Transfer Penalty no longer applies for Lombardi Program!

November 2, 2007

On September 24, 2007, the New York Office of Health Insurance Programs issued a directive stating that the penalty period for gifts will no longer apply to applicants for the Lombardi program. “Effective immediately: if an individual applies for Medicaid coverage of home and community-based waiver services, the applicant is only required to provide documentation of his/her current resources. The individual is not subject to a transfer of assets look-back period nor is the individual subject to a transfer penalty period. Spousal impoverishment budgeting continues to apply to a waiver A/R who has a community spouse.”

The Long Term Home Health Care Program (LTHHCP), also known as “The Lombardi Program” or “Nursing Home without Walls” provides eligible patients and their families with a popular alternative to institutional care. Based on an individualized plan of care, a comprehensive package of coordinated services is designed to meet the specific needs of eligible patients in their homes. The program serves chronically ill and disabled persons over the age of 18 who have ongoing health care needs. The hallmark of this program is case management by a Registered Nurse. An interdisciplinary team of health care professionals provides assessments, visits and delivery of ongoing quality care in the home. Services may include but are not limited to Nursing Care; Physical, Occupational and Speech Therapy; Personal Care Aides; Transportation; PERS, etc.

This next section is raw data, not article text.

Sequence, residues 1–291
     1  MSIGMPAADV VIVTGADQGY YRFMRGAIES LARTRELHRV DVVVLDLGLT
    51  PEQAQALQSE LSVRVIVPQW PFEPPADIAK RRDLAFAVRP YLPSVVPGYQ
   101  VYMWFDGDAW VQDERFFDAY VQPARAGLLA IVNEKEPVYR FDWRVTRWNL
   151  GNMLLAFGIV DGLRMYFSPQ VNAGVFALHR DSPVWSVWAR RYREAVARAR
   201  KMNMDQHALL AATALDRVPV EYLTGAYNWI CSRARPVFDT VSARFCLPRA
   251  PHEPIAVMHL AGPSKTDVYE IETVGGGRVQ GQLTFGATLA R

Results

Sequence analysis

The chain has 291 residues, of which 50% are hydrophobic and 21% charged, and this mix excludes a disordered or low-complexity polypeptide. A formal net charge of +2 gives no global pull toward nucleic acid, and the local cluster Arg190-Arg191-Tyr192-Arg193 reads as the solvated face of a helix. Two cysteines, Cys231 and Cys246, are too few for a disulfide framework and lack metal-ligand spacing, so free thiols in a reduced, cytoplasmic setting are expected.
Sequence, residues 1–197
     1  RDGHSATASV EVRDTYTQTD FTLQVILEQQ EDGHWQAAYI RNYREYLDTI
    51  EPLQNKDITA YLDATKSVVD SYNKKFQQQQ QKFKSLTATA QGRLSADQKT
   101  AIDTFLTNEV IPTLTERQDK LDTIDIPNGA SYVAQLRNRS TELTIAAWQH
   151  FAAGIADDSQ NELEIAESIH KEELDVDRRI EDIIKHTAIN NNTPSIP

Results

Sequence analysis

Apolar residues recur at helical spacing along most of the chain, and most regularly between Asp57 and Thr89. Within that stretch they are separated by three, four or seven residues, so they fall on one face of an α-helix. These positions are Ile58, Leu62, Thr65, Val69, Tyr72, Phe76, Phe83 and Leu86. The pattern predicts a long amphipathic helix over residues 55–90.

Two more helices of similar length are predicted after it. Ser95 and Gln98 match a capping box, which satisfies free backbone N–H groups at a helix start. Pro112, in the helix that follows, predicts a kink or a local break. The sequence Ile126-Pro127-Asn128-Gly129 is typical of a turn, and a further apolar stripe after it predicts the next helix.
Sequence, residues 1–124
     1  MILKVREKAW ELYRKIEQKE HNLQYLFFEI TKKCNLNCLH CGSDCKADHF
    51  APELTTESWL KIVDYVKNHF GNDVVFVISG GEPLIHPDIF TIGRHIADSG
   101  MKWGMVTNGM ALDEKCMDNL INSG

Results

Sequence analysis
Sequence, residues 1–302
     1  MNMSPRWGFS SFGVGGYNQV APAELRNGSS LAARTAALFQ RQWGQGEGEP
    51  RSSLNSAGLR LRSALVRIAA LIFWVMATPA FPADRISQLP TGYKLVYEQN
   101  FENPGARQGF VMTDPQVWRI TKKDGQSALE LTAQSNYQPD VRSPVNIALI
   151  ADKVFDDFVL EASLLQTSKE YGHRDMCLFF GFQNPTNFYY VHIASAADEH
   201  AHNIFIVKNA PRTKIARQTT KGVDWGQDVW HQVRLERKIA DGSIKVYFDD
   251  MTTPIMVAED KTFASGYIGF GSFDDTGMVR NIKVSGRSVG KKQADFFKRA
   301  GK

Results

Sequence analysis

The elimination of the penalty period for the Lombardi Medicaid program is a brand new development. In recommending transfers prior to application for the Lombardi program, there still remains the concern that a recipient of the Lombarid program may need nursing home care in the future. Gifts will be reviewed and possibly penalized for the nursing home applicant even though they were not considered in the Lombardi application. Therefore, prior to planning for and applying for the Lombardi program, legal advice from a certified elder law attorney should be sought.